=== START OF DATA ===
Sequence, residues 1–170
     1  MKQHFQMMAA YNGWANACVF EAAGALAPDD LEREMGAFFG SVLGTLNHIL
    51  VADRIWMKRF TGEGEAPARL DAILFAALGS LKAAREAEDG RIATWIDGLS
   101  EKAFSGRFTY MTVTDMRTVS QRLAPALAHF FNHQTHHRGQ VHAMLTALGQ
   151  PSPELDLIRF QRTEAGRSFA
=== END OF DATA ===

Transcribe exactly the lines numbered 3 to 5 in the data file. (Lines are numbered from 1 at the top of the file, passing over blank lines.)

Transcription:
    51  VADRIWMKRF TGEGEAPARL DAILFAALGS LKAAREAEDG RIATWIDGLS
   101  EKAFSGRFTY MTVTDMRTVS QRLAPALAHF FNHQTHHRGQ VHAMLTALGQ
   151  PSPELDLIRF QRTEAGRSFA